The Museum of Contemporary Art in Chicago is currently presenting a series of performances called "Without You I'm Nothing: Interactions" January 4 - May 1, 2011, a component of the exhibition "Without You I'm Nothing."  While the exhibition at large examines how artists have incorporated the museum audience or "viewers" into conceptual pieces over the last few decades, this performance series specifically provides an opportunity to experience the promised inclusion the exhibition puts on display.  A full list of the performances can be found here.  I have highlighted the ones below that operate outside of the visual realm.  These performances are good examples of the kind of work PLEASE TOUCH THE ARTWORK aims to highlight, namely, contemporary art that is accessible because of its purposeful operation outside of the hegemonic viewer-object relationship normally supported by museums.  As this exhibition and performance series shows, artwork has been created over the last few decades in order to push the boundaries of traditional "viewing" practices.  These pieces can be engaged with by the visually impaired as they were intended to be, with no sensory translation necessary.

Nance Klehm: Culture of Soil
February 5: Sat 3 pm
In traditional agricultural communities, the new moon marks the beginning of spring when the tree sap starts running. On Saturday at 3 pm, Klehm hosts an outdoor fire in the MCA's Sculpture Garden where maple syrup tea is made and shared, then the work continues on a walk where Klehm tells stories about the uses of trees within the urban landscape.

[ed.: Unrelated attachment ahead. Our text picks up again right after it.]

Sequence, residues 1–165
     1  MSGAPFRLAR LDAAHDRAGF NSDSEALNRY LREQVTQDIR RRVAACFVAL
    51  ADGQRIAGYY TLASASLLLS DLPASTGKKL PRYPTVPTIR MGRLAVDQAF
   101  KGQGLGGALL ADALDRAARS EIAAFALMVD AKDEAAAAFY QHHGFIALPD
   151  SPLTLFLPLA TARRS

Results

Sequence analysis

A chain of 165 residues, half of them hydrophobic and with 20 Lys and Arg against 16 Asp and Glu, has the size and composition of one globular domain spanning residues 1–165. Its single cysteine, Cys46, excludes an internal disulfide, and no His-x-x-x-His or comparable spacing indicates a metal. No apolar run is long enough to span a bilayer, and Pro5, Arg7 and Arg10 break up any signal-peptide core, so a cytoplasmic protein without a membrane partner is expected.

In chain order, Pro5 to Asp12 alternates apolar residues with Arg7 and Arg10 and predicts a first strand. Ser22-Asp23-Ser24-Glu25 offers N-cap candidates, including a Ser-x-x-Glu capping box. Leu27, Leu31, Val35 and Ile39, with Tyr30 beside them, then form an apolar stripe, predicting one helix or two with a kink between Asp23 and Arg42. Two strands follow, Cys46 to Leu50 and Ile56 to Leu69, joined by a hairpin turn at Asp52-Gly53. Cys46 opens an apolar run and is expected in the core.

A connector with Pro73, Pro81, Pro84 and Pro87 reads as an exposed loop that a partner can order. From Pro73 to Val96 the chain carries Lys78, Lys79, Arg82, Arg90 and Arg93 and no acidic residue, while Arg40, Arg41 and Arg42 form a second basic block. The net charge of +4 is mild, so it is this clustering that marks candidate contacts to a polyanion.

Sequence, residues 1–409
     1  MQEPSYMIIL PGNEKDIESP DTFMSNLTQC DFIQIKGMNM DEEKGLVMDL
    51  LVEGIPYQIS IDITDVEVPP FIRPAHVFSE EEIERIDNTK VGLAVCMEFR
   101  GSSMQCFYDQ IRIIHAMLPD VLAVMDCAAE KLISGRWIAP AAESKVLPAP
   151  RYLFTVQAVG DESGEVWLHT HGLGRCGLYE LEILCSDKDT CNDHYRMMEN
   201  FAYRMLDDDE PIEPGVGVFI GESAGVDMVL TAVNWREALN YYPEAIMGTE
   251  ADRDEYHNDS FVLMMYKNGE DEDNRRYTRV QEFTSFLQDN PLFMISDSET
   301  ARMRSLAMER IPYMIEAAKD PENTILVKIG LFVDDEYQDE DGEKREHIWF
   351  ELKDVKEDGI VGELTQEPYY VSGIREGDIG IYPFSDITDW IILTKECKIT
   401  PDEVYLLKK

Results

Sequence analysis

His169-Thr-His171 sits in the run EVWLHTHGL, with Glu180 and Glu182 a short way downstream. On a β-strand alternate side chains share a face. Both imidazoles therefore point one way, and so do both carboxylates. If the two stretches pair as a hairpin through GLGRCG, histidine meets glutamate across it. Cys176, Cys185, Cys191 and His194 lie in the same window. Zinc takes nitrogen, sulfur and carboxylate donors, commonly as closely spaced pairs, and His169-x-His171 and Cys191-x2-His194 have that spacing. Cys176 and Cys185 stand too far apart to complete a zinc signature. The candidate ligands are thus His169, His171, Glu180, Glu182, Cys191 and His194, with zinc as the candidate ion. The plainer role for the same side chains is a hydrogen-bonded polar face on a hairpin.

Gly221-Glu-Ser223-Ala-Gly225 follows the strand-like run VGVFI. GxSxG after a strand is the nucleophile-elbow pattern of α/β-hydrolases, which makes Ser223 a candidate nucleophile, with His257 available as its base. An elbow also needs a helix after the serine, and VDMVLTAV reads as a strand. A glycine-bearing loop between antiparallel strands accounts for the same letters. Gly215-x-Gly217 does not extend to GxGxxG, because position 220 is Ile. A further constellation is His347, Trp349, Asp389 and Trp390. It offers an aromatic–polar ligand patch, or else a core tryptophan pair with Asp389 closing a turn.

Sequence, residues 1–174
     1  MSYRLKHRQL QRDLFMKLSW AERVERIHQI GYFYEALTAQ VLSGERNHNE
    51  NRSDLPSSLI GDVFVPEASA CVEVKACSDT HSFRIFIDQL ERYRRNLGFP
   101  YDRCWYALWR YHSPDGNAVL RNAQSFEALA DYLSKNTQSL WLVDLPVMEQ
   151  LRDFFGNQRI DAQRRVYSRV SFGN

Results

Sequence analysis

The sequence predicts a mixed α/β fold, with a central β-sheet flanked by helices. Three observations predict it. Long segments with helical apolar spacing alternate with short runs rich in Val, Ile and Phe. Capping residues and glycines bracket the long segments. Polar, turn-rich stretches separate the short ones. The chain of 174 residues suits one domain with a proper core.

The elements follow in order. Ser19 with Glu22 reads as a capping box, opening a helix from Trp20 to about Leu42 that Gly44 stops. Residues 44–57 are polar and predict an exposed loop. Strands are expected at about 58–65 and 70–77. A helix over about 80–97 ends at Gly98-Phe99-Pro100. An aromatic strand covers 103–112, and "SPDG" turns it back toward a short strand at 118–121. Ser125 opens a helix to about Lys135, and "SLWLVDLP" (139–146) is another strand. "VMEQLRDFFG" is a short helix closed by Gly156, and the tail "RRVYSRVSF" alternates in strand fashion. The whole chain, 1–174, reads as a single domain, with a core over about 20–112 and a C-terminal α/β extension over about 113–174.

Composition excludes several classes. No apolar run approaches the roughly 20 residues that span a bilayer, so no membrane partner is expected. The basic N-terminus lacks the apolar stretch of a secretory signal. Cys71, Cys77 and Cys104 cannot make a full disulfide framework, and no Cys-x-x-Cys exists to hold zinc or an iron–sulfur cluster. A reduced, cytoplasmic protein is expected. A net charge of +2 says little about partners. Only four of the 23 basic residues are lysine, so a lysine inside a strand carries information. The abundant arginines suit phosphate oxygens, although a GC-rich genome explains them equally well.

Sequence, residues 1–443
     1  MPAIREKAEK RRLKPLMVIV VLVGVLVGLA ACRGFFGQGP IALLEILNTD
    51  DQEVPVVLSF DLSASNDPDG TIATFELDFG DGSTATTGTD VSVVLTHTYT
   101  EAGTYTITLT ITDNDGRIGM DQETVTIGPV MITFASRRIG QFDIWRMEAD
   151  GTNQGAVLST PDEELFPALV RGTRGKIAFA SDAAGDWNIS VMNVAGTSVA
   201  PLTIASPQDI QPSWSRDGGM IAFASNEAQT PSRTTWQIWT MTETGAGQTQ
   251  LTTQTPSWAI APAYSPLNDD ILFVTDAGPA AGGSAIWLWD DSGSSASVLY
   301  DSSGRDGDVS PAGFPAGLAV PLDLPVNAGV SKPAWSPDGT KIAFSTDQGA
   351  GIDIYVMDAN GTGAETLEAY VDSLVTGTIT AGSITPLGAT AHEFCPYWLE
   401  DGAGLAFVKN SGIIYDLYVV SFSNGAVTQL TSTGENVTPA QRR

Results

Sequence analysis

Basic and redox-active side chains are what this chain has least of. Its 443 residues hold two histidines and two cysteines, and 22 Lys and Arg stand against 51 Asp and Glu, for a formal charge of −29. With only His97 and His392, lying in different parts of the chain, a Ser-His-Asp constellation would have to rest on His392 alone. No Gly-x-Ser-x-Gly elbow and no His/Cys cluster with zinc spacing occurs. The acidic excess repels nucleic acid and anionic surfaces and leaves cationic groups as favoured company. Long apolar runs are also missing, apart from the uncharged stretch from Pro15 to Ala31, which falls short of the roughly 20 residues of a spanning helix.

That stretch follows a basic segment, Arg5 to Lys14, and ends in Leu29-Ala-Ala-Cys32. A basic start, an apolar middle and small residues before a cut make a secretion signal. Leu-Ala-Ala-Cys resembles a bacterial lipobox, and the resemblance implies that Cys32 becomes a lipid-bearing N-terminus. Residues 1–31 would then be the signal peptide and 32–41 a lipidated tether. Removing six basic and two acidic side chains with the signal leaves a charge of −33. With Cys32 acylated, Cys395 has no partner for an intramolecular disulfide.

Coppice (Noé Cuéllar and Joseph Kramer): Vinculum (Coincidence)
February 8-13: Tues, 1-3 pm and 5-7 pm; Wed-Sun 1-3 pm
Live performances for two accordions with four speakers play back pre-recorded sounds. The gallery is filled with multiple sounds, all at a moderate volume. The score is procedural, deriving its instructions from coincidences between two accordions as they intersect with the pre-recorded material and the activity in the space.

Dexter Bullard: The Dialogues
March 15-20: Tues 7-8 pm; Thurs-Sat 3-4 pm
These performances involve pairs of well known Chicago-rooted performers who have a conversation over the phone, not knowing who they are talking to. The audience listens in on the conversation while a guest sound artist mixes a hypnotic sonic sound, adding an additional dimension to the changing tone of the conversations.

Jonathan Chen: 19 situations for six improvisers: a system for hearing
March 29 - April 2: Tues 7-8 pm; Thurs and Sat, 2-3 pm
In this improvisational work each musician is provided with a pair of headphones to listen to another performer. The musicians improvise in response to the other musicians they hear, although this changes throughout the performance. Audience members are able to use the headphones to hear exactly the same sound as the musician they are near. The audience can experience the multiple perspectives central to the work by moving between the spaces occupied by each musician and listening to what the musicians are hearing through the headphones.

Amber Ginsburg and Lia Rousset: Viewing Soundscapes: Tapping the Audience
April 12-17: during museum hours
Tapping the Audience invites the audience to slip on a pair of tap shoes, amplifying the gallery experience and creating an audible acknowledgment of our physical patterns of viewing.